The company which first developed the V-belt is continuing to innovate. Manufacturers’ Monthly explains.

There are many companies that would like to claim that they are the market leaders in their field, but when your forebears created the field, it’s hard not to put credence to the claim. It was 1917 when John Gates manufactured the first V-belt. Then known as the International Rubber Company, in 1919 the company changed its name to Gates Rubber Company, and since then the Gates name has been synonymous with innovation in the manufacture of belts and drives. The most recent advancements in their signature V-belt continue to today.

This ongoing reputation is one that Mark O’Brien, product manager with CBC Australia, highlights as being manifested in the new products Gates has recently introduced to the market.

“Gates have typically been a market leader in innovation, and the first to put out the Predator style belts. They’re also seen as one of the leading manufacturers in the world, and that’s to do with the rubber compounds, unique production techniques, and many years of field experience.”

These rubber compounds ensure that Gates’ belts can be used in trying industrial applications for the critical task of power transmission.

“Gates use high performance components which are very acceptable for abrasion, oil, and heat. The other thing they are very good at is improving flexing capabilities of their rubber compounds, critical to improving belt life.”

These material qualities can be seen in Gates’s range of Industrial Power Transmission Solutions, distributed in Australia by CBC. Beginning with the Hi-Power II, suitable for general applications across industries and market, the range then moves to the Super HC, which with its narrow cross section saves drive space while not compromising on effectiveness at higher temperatures.

The next step includes the Tri-Power and Quad Power 4 belt model. This high temperature V-belt incorporates the latest innovations developed by Gates, with functional benefits for the user.

“The Tri-Power and Quad Power belts are raw edge cog belts offering higher horsepower capacity, requiring less belts to do the same job as their wrapped counterpart. With higher inbuilt efficiencies, it comes at around four to five per cent more efficient than the wrapped construction,” said O’Brien.

Internally, Gates has also improved the belt’s effectiveness. The Tri Power and Quad Power Belts have flex-bonded polyester cords which enable equal load distribution along the length of the belt and reduced stress from flexing. The belt’s high heat rating means that it can perform effectively from -57°C to up to 121°C, well beyond the industry standard of -34°C to 60°C.

Going one step further is the Predator belt. This heavy-duty, wrapped, aramid cord V-belt are the markets leading V-belts and are unmatched in their robustness and high load carry capability. This comes from the high strength, aramid tensile cords. Aramid type material are commonly used in military and aerospace applications. Gates’s use of aramid in their products ensures that their Predator V-belts have similar strength capabilities as those applications and similar compounds are called for.

O’Brien notes that this problem-solving belt is applied in some of the tougher condition in industry.

“They’re on very high performance, high kilowatts, critical applications,” he said.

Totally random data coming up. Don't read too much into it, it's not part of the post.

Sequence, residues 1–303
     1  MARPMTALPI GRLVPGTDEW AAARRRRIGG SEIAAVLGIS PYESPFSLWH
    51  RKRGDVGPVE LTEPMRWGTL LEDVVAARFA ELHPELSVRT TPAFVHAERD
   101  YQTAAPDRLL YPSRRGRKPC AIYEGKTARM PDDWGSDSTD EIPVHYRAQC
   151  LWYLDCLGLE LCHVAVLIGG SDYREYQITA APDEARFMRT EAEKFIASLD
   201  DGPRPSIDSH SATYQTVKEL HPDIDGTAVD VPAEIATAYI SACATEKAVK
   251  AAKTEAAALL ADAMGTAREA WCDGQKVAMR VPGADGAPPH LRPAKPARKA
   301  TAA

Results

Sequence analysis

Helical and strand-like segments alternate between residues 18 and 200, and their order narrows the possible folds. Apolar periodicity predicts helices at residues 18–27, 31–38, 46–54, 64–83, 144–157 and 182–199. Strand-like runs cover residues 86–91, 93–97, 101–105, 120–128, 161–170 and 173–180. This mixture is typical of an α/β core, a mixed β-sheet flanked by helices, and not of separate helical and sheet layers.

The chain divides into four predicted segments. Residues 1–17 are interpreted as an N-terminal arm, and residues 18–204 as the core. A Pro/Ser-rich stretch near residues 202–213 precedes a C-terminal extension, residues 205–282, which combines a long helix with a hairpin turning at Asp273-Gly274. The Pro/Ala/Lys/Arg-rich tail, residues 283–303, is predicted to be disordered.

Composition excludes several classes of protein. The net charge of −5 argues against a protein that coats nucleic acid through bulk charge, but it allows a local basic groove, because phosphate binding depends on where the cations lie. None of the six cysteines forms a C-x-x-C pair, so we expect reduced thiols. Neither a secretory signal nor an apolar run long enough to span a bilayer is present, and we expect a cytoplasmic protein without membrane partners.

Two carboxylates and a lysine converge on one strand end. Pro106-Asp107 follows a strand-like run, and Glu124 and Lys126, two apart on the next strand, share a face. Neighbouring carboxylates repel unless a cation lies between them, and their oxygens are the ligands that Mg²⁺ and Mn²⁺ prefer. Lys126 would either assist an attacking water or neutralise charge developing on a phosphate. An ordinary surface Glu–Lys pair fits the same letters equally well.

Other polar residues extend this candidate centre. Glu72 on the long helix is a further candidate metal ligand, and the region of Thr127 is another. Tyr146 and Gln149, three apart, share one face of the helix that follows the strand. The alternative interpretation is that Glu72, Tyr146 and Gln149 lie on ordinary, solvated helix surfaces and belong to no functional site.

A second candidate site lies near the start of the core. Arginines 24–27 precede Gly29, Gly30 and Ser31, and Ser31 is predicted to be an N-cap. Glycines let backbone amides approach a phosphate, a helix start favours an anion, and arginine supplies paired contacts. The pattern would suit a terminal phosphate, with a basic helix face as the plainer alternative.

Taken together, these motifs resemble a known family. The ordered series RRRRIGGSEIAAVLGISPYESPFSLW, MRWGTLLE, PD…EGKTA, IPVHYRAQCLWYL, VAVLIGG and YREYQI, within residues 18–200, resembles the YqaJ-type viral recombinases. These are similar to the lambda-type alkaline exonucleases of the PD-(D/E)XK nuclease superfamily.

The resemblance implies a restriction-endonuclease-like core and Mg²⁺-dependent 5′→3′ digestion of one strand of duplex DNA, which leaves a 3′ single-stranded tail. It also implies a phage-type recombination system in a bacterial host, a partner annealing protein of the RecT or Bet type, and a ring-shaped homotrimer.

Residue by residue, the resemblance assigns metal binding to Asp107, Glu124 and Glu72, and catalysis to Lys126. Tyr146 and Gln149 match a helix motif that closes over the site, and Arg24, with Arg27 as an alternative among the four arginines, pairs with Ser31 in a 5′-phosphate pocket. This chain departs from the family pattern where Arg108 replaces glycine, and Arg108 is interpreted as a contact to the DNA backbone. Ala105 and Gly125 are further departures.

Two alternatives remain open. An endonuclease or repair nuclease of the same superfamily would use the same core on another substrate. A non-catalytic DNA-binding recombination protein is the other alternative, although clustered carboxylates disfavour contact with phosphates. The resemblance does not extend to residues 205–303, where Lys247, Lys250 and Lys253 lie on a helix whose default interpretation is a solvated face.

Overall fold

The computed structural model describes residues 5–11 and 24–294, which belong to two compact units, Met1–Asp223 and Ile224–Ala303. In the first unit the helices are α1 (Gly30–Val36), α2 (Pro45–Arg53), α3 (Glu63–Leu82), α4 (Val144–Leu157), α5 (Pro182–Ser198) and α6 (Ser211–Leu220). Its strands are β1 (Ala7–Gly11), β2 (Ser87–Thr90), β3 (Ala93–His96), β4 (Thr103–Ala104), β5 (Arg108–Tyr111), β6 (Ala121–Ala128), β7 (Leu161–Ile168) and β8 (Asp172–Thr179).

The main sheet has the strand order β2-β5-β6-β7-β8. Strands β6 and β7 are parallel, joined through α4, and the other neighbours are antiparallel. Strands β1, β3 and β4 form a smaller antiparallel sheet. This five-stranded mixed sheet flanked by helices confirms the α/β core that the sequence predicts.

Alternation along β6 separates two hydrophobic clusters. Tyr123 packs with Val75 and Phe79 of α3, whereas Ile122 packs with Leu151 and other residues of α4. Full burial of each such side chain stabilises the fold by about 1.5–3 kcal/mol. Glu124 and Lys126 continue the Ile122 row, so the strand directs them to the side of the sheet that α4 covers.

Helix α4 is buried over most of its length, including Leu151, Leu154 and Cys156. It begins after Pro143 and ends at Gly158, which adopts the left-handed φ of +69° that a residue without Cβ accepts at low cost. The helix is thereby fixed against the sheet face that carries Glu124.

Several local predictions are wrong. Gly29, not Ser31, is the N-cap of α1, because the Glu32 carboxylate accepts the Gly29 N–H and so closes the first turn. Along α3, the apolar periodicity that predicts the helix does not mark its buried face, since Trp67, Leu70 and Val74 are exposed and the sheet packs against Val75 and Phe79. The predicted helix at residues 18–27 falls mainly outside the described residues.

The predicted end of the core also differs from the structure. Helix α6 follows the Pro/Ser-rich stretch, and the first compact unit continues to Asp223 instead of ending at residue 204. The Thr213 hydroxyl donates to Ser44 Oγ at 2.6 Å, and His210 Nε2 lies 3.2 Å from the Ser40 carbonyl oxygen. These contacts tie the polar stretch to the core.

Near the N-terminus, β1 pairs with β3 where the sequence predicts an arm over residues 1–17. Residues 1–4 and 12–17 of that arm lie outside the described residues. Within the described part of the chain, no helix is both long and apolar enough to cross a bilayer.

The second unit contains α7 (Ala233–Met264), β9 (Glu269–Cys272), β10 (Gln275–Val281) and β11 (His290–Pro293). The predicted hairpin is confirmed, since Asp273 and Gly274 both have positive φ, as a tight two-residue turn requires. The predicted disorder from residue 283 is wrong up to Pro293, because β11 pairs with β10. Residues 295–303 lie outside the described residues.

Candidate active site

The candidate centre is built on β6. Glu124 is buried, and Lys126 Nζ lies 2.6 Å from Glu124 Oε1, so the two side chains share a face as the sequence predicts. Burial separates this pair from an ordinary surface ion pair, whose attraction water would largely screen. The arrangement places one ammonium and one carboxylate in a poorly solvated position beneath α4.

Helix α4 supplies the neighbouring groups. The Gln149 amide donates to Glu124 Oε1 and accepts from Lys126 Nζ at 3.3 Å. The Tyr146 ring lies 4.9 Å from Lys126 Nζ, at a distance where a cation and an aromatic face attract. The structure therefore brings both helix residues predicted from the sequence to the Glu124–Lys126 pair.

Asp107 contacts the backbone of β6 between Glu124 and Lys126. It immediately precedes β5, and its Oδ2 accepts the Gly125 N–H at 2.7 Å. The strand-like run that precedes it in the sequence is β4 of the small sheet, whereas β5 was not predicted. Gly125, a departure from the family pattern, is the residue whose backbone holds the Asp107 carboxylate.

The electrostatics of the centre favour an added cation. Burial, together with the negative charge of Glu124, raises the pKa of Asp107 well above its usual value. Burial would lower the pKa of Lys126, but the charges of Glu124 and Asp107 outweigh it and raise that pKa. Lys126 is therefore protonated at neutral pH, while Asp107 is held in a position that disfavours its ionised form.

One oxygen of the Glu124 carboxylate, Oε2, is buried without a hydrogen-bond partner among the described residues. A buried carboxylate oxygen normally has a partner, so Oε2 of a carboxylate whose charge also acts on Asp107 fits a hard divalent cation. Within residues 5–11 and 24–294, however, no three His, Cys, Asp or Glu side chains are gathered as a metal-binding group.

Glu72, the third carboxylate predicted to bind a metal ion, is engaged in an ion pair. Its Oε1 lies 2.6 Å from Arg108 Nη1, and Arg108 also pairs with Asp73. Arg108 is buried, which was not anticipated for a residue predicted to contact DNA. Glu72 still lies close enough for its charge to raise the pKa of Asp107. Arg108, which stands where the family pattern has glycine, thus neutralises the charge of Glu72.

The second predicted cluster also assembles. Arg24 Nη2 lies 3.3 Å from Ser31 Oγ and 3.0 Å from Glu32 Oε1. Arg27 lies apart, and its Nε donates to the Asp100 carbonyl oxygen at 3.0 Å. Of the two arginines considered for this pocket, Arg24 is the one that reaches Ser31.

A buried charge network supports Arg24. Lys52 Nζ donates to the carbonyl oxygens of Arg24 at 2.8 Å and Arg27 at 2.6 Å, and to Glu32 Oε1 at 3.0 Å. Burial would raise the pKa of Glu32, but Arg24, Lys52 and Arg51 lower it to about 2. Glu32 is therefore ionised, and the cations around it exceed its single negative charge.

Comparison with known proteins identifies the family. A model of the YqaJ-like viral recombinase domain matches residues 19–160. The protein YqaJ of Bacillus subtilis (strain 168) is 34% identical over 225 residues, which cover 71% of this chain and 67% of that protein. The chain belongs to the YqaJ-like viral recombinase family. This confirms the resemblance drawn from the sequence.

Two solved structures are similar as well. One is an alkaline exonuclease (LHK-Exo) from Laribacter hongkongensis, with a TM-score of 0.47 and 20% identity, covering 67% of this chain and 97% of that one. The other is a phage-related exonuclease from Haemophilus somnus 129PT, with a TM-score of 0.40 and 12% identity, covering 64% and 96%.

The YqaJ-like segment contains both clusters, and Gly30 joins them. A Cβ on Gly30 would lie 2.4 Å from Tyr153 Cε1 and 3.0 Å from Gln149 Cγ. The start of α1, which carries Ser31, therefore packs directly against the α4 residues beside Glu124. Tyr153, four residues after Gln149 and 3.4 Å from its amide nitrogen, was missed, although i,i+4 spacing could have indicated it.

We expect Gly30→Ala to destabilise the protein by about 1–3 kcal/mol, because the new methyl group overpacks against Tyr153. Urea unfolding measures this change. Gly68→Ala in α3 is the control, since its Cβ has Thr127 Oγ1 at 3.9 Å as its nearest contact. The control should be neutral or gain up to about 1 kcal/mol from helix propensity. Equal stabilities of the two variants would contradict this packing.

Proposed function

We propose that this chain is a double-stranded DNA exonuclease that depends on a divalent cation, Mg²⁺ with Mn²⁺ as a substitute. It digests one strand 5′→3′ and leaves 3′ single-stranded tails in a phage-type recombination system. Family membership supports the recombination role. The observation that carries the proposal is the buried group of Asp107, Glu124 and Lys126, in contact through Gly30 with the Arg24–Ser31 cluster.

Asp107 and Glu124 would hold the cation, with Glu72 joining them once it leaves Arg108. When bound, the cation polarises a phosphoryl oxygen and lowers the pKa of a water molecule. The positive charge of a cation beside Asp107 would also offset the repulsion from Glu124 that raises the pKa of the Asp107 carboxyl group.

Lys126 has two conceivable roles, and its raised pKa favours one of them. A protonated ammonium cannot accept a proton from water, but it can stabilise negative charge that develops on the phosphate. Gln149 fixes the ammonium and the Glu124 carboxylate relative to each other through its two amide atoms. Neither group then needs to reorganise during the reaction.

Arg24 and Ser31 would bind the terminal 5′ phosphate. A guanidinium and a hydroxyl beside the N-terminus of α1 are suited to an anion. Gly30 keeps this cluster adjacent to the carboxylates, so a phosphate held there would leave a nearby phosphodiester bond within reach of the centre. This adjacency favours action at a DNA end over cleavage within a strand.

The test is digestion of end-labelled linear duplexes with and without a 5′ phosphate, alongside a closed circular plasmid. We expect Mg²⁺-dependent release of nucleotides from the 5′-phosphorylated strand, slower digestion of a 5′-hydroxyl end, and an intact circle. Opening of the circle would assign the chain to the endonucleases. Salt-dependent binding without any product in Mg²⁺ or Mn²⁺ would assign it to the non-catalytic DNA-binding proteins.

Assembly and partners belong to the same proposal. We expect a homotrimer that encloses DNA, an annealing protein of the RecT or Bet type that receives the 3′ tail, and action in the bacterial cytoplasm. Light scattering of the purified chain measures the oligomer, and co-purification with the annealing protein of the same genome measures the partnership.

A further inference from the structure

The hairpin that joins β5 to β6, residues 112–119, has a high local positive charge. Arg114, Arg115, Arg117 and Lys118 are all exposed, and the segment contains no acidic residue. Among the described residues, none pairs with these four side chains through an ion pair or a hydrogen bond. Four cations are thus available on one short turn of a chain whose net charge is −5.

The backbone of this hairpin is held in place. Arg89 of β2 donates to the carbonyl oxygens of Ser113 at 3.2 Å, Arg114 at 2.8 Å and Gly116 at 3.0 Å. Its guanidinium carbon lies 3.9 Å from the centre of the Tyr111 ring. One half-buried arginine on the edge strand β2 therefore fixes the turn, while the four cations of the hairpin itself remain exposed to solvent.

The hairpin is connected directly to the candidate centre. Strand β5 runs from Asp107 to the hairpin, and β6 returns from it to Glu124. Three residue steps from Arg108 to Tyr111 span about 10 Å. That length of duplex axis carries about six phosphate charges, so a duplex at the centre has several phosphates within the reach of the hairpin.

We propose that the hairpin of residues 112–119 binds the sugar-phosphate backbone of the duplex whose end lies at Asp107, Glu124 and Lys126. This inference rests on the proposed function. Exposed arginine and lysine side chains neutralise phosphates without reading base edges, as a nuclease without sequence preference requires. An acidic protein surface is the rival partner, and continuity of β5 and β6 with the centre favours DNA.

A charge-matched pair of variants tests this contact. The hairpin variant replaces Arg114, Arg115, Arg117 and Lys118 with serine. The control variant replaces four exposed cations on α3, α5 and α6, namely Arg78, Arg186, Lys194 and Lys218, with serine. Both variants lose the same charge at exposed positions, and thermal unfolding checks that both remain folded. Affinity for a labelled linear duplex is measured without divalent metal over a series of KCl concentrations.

The practical benefits of this construction come when the belt is used in applications such as pumps, large fans, crushers and large conveyor applications.

“The beauty about these belts is once you go up into the higher quality range, the less belts you need on the drive to do the same job,” said O’Brien.

While naturally saving space in the design of a process, there are also energy and cost savings as the belts last longer.

“The higher power rated belts last longer. A belt cost can be anything from $10 to $400-500 for a set and with the energy savings and less changeover of belts it can significantly outweigh the cost of upgrading your belts.”

Not only is the belt itself more efficient, but its impact on the rest of the manufacturing process leads to efficiency gains on other products.

“Instead of five or six belts you can have four, so there’s better efficiency for bearing and hub loads. There’s less stress on the bearing through load caused by the drive,” said O’Brien.

One of the salient features about the entire range of Gates V-belts is their easy usability. While all belts require some maintenance during set up in the form of tensioning, with Gates “match free system”, all sizes of the belts are interoperable, and can be installed without matching. If support is needed, however, CBC are able to assist where required.

“We’ve had a long association with Gates since the late 1980s. One of the things CBC Australia offering is the backup support, so all our branches are supported with internal software programs that enables people to provide information analysis on the particular drives,” said O’Brien. “It also provides for our engineering teams for onsite training and we can go and set up a drive with our engineering service.”

In the case of an aluminium processing plant, when installed on a 12-10 Weir Warman slurry pump, Gates have found that drivers operating with the Predator belts have been operating without fault for 10 months and have not needed retensioning in this time. Furthermore, noise levels have dropped, increasing amenity in
the plant.

In another application, a vacuum pump at an aluminium smelter, belts that had a six-week lifetime were replaced with a Predator belt that is still running after 12 months of operating. With these significant savings, the innovating spirit that first gripped John Gates is continuing to drive manufacturing around the globe.